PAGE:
This is week 8 of my CSA adventure.
2 pounds of beets
1 pound of carrots (donated from another farm, as the carrot crop failed at the farm I go to)
1 pound of cucumbers
a bunch of onions
a pint of pick-your-own peas (though I just picked a half pint, as it was raining, and the pickin’s were looking slim)
1 small japanese eggplant (I traded in my bunch of onions for a second eggplant.)
1 small summer squash or pepper (I chose an eight ball zucchini)
1 bunch or chard or kale
1 sprig of thyme or marjoram
1 bunch of basil
1 ping pong ball-sized tomato
I’m feeling a bit down on this veggie business just now. I sent out an email to a bunch of local friends inviting them to come in small groups, and giving a choice of a dozen or so dates. It turns out that many of them want to come and/or are only available on August 2nd, and no one is available this week. It will be fun to have the bunch of folks, though I hadn’t intended to throw a party 2 days before our big trip. However, I actually won’t have enough vegetables to feed them all. I can save the beets and carrots from this week, but most of the vegetables don’t really last from one week to the next. And the point was to feed people farm-fresh vegetables, not ones that were a week or more old.
So I had a thought. Since I’ll be going away for 2 weeks, I thought perhaps I could see if I could pick up 2 shares worth next week. I know that lots of people go away during the summer, and there always seem to be a lot of vegetables at the end of the night when I arrive at the tail end of the pick-up. So, I asked the farmer. I didn’t know what she’d say, and knew that “no” was definitely a possible answer. I was prepared for the “no” answer.
What I wasn’t prepared for was how irritated I would be by that answer.
Her first answer was, “no, it’s not possible, because of the way the vegetables grow.” When I mentioned that other people might also be going away at various times over the summer and might want to switch a week, she said, “Oh, I see. But it would be too hard for me to keep track.” What I find irritating is that I could think of several ways off the top of my head that it would be feasible for people to arrange these things without it taking up much of her time. She writes in her emailed newsletters that she wants to encourage a sense of community, but all communication between members of this “community” is filtered through her. If there were even some sort of bulletin board, or virtual bulletin board, I could post a request that someone swap a week’s pick-up with me, and then some other member and I could communicate directly. But the answer was “no, I can’t keep track.” (Well, when I explained about the horde of people coming for dinner next week, she did say I could email her and that she’d consider if she learned of someone planning to forfeit their share for the week. But it doesn’t seem too likely this will work out, and I will feel like I’ve put her out.)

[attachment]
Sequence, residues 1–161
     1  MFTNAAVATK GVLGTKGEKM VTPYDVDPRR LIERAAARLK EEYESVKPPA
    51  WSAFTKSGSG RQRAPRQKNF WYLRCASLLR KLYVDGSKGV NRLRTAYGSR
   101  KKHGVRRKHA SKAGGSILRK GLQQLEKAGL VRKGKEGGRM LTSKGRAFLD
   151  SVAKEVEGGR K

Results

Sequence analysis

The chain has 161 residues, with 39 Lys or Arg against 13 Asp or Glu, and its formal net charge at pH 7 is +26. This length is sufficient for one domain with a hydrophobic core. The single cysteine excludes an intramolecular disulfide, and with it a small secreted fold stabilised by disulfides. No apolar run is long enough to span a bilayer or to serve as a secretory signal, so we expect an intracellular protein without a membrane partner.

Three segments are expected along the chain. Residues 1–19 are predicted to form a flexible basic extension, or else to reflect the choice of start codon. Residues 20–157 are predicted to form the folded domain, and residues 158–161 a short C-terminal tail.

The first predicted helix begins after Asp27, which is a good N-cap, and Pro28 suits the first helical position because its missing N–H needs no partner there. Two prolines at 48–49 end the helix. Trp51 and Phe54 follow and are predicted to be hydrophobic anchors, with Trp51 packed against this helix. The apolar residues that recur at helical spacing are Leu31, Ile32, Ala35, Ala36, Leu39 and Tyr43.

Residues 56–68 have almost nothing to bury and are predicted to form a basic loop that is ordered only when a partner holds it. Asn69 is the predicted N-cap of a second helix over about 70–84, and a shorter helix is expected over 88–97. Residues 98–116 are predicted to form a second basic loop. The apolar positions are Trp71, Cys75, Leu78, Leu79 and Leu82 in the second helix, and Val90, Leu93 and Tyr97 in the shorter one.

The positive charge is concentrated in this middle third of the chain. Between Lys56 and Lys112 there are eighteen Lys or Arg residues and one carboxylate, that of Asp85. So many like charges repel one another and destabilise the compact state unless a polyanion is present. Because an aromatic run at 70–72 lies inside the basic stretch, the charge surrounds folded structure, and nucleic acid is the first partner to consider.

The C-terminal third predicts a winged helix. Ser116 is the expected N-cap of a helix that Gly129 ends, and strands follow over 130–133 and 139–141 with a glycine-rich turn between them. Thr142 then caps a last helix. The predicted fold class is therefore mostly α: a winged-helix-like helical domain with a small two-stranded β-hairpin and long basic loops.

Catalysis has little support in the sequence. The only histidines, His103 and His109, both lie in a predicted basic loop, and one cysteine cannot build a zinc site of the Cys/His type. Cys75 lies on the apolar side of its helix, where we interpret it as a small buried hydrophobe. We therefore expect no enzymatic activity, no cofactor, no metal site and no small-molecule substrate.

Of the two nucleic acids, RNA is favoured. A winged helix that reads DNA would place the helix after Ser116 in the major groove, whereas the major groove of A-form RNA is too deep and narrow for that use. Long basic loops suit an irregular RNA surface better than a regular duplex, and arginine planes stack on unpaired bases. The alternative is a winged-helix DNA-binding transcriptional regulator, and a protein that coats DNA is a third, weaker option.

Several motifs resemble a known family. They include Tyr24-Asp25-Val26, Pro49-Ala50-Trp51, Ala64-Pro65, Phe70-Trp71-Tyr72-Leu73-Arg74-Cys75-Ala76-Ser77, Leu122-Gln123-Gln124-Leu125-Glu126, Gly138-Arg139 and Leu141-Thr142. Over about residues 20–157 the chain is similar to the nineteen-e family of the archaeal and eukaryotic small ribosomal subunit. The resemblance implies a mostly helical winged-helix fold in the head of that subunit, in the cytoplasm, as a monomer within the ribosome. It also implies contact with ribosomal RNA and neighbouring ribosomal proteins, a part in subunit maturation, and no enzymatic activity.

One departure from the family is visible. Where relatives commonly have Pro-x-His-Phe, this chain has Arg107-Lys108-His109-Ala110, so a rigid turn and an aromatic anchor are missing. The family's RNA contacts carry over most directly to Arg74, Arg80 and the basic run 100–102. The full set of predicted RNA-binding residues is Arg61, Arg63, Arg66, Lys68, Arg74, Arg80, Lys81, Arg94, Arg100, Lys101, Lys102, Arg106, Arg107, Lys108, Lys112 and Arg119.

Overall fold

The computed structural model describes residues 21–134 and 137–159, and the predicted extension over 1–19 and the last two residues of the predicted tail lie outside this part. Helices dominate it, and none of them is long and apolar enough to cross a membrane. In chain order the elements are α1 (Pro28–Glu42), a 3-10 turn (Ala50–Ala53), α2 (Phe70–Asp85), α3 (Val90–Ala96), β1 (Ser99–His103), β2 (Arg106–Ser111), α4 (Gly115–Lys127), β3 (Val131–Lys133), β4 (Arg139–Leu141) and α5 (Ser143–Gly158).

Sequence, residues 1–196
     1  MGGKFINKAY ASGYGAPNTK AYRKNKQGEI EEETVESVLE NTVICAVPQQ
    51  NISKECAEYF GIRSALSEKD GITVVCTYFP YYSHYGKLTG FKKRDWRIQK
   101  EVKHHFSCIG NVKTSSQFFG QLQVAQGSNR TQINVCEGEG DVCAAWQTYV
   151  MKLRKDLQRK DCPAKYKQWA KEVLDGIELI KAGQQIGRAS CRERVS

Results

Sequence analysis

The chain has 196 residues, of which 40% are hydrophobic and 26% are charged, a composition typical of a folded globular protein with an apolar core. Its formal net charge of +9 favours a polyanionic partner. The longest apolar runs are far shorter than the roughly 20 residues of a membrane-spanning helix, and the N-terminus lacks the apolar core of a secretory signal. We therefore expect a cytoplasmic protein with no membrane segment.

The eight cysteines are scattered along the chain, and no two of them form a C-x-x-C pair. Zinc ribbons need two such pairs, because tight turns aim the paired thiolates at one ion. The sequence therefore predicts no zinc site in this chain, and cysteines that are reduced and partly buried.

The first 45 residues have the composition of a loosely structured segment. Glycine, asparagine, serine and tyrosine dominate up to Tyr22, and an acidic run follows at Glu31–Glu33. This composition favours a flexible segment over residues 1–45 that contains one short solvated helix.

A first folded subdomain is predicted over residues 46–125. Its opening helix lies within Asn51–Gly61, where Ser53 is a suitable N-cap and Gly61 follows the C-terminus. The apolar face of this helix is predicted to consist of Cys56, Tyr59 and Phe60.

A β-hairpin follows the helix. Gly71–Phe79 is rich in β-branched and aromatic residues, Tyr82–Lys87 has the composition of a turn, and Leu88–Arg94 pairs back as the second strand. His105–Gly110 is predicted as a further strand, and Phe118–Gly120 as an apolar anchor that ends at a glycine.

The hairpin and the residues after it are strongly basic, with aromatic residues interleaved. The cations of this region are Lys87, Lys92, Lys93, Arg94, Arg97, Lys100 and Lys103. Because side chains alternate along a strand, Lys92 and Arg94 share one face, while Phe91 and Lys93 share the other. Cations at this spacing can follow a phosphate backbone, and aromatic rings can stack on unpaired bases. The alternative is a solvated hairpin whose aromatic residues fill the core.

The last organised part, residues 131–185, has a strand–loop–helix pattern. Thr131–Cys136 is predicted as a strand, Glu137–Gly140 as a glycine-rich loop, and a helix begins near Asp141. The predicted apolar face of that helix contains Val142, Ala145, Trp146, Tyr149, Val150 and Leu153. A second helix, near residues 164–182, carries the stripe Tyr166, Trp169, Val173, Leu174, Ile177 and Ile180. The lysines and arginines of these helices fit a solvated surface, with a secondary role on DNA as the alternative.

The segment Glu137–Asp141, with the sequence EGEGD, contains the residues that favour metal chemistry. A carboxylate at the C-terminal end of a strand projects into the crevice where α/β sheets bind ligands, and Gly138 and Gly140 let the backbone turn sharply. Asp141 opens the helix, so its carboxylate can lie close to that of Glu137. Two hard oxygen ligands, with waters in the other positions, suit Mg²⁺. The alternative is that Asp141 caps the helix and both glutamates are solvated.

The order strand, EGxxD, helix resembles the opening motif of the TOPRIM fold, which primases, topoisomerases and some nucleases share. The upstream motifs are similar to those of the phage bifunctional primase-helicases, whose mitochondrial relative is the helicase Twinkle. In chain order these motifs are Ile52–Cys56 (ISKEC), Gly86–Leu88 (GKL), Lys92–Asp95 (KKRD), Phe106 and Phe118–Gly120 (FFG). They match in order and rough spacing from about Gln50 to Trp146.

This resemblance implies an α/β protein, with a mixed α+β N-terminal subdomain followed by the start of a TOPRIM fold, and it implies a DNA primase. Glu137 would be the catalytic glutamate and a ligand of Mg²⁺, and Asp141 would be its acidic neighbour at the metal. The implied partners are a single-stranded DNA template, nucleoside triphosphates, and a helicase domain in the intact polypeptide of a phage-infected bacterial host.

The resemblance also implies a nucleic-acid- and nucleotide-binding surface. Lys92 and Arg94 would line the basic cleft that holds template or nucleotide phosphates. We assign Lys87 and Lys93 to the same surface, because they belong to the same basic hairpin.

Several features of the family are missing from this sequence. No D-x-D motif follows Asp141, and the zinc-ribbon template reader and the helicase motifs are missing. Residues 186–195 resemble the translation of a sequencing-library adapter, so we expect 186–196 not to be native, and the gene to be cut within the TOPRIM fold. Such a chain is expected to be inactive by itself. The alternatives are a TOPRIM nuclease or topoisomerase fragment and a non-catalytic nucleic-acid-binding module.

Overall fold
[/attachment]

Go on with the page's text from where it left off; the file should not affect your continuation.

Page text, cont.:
And then I’ve realized that part of my irritation was not just about her answer. It’s her farm, her business, so her decision. She needs to decide what works for her. But the trouble is, there have been a number of things that haven’t worked for me as well as I’d hoped.
One main issue is that I hadn’t realized how little of the share would actually be food that Phoebe will eat. (We’ve tried, but she’s become pickier.) There have been greens and onions and kohlrabi, radishes and herbs, garlic and bok choi. And then there was all the lettuce. (Do all the other members really not find 5 heads of lettuce a week to be excessive?) Phoebe won’t eat lettuce, and I can’t even freeze it for later. Here I’ve been collecting more vegetables each week than I’ve ever used before, and then we’ve had to buy additional vegetables for Phoebe. It seems so wrong to be buying frozen broccoli and peas when I have a fridge full of farm-fresh vegetables.
And I’m irritated that I’m trying to be all supportive of this CSA business, and spread the word, and encourage people to consider trying it out. And right now I don’t feel so gung ho. It’s been a fair amount of work, both to go get the vegetables (I even had to rearrange my schedule to be able to make it to one of the two weekly pick-up dates) and to prepare them.
I know that there’s a lot of variation in how the farms and CSA shares operate. My advisor at school is also participating in one, and the deal he gets sounds more appealing. He doesn’t go to a farm, but to a pick-up location that is in or near Boston. What he’s gotten in his weekly shares also sounds more appealing. So maybe I just need to find a different CSA next time around.
So, like all relationships, we’ve had a few bumps. I’m sure that we’ll make up again in a few weeks. I have enjoyed the veggies we’ve gotten so far, and we’re eating more healthily than usual, possibly more healthy than ever. But for now, I think I’ll sit and pout and give the CSA the cold shoulder.